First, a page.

September 25, 2011
Soil biodiversity and conservation ecology has become a hot issue, specifically in Southern California, due to numerous factors. Due to anthropogenic factors such as human caused wildfires, and use of fertilizers on grasslands, Southern California’s soil is losing nutrient richness, and a decline in productivity is occurring. Other naturally occurring factors that contribute to the decline in suitable soil in Southern California are sediment deposits and high winds.
In the case of California wildfires, as explained in the article “Ecological Effects of Southern California Fires Could Be Devastating,” human induced wildfires are much more harmful to flora and fauna than naturally occurring fires, according to Dr. James Danoff-Burg. “There are a lot of species that have adapted to a fire-dependent ecosystem,” Danoff-Burg says. “But there will be more mortality across the board, including in fire-adapted species, because these fires are more intense than normal wildfires.” Due to these intense fires, species are not only dying, but the microbes and soil productivity is decreasing.
The second anthropogenic problem in Southern California deals with fertilization. According to the abstract of “Effects of Soil Resources on Plant Invasion and Community Structure in Californian Serpentine Grassland” by the Ecological Society of America, fertilization with chemicals such as nitrogen and phosphorus have led to an increase in biomass of native vegetation initially, however by the second season the non-native grasses began to invade, and dominate areas originally inhabited by native grasses. In this instance species richness declined with fertilization due to the increase in biomass production by non-native organisms, and changes in community structure demonstrated that the invisibility of plant communities may be influenced directly by nutrient availability.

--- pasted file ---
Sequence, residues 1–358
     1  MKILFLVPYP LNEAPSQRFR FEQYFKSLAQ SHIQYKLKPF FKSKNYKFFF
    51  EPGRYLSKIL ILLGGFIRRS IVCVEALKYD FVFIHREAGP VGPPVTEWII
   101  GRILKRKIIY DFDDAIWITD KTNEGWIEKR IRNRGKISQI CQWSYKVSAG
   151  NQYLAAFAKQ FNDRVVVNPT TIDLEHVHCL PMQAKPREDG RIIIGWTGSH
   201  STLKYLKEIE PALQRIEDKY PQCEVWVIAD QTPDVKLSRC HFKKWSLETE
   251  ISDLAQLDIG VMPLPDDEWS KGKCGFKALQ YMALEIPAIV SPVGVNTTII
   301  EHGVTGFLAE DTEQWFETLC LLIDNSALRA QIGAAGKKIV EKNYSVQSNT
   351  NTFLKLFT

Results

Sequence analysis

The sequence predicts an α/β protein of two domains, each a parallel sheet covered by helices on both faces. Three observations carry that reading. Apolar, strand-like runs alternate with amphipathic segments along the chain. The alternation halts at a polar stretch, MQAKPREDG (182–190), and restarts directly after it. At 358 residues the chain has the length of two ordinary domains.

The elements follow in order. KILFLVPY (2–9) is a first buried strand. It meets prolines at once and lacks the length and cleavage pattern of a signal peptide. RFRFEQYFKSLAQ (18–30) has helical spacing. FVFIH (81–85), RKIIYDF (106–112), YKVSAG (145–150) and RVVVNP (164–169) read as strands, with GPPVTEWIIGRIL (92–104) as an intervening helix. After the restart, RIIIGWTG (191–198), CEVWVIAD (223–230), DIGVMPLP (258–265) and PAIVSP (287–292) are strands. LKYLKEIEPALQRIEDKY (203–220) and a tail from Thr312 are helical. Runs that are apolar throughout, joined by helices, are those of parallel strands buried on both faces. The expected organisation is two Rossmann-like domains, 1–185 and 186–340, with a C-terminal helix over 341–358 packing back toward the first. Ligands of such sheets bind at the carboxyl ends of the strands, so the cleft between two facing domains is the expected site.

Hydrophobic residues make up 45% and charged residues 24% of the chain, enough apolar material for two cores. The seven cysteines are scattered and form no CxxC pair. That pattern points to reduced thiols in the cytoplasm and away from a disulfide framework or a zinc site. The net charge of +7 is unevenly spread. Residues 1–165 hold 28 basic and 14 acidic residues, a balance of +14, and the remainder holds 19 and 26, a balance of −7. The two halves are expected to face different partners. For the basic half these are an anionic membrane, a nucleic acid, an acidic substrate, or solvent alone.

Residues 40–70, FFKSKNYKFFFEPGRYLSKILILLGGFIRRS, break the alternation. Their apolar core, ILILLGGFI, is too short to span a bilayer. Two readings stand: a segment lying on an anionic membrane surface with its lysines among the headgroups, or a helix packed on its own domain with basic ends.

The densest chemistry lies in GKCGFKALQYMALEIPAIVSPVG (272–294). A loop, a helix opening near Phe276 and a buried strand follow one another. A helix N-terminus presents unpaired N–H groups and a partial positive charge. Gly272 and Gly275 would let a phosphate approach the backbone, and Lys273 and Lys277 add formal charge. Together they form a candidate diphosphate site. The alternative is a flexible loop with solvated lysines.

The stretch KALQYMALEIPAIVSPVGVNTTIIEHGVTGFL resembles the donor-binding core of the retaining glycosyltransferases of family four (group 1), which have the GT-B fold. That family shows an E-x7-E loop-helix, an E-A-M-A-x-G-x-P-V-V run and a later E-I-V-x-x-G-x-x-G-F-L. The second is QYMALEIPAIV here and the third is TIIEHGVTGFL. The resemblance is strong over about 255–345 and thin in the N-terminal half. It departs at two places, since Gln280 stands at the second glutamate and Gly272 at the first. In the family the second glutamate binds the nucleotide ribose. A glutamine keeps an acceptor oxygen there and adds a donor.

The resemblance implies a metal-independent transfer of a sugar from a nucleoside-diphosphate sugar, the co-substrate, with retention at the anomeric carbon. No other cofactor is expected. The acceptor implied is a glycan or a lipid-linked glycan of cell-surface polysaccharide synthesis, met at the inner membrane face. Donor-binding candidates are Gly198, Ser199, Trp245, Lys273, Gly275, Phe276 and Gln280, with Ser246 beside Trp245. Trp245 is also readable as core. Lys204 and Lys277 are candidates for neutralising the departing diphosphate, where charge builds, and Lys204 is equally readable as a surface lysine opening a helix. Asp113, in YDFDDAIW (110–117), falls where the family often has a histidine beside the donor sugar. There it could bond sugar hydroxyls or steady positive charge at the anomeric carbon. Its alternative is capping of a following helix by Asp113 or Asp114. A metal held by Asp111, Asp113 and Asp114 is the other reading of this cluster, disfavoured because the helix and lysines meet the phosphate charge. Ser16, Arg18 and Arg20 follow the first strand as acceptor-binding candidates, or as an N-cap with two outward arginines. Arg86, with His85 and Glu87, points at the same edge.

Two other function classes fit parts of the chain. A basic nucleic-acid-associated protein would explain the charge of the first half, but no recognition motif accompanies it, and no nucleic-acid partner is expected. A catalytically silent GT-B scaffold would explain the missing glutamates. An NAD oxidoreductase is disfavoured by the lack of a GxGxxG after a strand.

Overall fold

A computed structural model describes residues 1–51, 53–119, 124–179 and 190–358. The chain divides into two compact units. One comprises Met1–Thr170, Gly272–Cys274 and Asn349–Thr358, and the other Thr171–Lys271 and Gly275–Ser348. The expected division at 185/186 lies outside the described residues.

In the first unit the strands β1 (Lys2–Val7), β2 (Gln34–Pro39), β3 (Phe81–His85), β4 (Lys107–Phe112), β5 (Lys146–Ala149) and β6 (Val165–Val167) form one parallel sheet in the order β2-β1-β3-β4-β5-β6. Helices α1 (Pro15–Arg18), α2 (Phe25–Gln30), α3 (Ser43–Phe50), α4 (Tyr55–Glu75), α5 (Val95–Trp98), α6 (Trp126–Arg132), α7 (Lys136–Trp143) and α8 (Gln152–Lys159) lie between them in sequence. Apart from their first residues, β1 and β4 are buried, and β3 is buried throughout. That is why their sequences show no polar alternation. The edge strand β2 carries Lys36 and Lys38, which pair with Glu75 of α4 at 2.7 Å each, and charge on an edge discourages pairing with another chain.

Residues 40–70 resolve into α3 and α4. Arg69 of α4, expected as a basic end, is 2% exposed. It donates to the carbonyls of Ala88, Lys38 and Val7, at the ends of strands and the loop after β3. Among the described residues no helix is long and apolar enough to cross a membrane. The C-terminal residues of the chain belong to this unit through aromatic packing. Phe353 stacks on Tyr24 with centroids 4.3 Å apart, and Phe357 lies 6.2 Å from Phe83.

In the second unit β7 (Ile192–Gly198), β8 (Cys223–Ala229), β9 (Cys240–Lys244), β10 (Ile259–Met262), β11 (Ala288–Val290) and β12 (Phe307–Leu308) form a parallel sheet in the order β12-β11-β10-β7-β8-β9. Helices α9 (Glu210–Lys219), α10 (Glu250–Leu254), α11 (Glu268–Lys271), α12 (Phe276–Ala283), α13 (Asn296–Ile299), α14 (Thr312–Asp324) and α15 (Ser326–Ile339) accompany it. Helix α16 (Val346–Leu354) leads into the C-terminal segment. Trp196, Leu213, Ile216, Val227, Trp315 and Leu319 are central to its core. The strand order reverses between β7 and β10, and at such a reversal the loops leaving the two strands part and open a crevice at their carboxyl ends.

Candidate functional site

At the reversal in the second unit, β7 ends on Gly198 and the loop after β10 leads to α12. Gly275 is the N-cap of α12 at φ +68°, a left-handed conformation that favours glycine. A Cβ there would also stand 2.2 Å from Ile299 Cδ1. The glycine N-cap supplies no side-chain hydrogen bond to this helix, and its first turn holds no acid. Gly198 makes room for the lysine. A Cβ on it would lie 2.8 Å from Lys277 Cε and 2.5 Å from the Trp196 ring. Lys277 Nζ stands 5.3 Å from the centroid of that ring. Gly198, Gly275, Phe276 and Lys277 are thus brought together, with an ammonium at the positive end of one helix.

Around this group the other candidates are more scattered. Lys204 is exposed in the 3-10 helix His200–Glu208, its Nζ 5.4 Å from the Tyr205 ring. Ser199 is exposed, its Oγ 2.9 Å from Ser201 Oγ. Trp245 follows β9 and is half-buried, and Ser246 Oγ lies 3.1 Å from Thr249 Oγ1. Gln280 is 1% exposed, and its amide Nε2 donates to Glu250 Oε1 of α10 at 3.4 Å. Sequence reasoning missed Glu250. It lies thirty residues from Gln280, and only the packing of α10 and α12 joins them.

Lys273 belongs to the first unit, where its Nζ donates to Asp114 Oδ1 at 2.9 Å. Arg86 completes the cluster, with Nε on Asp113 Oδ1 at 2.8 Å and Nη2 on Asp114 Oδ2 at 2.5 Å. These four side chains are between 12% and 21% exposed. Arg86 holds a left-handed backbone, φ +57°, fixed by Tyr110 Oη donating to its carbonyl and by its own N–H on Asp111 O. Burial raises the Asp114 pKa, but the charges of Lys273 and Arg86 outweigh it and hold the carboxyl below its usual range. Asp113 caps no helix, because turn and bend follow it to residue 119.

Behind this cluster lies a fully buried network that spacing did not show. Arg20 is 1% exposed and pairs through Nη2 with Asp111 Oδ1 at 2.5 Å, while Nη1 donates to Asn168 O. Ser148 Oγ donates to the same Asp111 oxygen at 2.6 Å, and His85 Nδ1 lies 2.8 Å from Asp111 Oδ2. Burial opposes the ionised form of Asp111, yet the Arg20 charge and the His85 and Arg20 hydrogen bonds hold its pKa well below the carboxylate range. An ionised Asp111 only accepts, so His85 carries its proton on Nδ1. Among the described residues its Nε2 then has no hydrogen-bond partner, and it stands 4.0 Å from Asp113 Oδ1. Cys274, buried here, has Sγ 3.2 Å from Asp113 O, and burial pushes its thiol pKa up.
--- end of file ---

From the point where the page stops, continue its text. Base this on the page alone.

The Los Angeles Basin is where the majority of Los Angeles County inhabitants reside, and is an area high in sediment and low in stability. Due to the high deposits in sediment the area is more susceptible to ecological impacts from urbanization and urban sprawl of the Los Angeles Basin, as well as natural hazards such as earthquakes or winds. This means that one of the most densely populated regions in the United States is living directly on top of land that is very unstable, and very susceptible to earthquakes at a high frequency and high magnitude. Another effect of the instability is water supply. According to the U.S. Geological Survey, More than 10 million people live in the Los Angeles metropolitan area, and the majority depends on water pumped from beneath the surface of the Los Angeles Basin. In the central and west coast basins a third of the water consumed by the four million residents come from ground water. More than 30 monitoring wells have been drilled in an effort to better understand just how the instability of the basin could affect the future water supply.
Lastly, winds in Southern California are particularly dangerous because of the desert. Hot, dry winds blowing from the inland are very commonly called Santa Ana winds. These winds are responsible for the high frequency of wildfires in Southern California. This ecological impact is what causes the dry desert region to be so nutrient depleted. The drastically different terrains within southern California make it hard for conservation ecology to improve the soil biodiversity.
About the authors: Liam Sharkey and Katie Graves are undergraduate students in the USC Dornsife College of Letters, Arts and Sciences.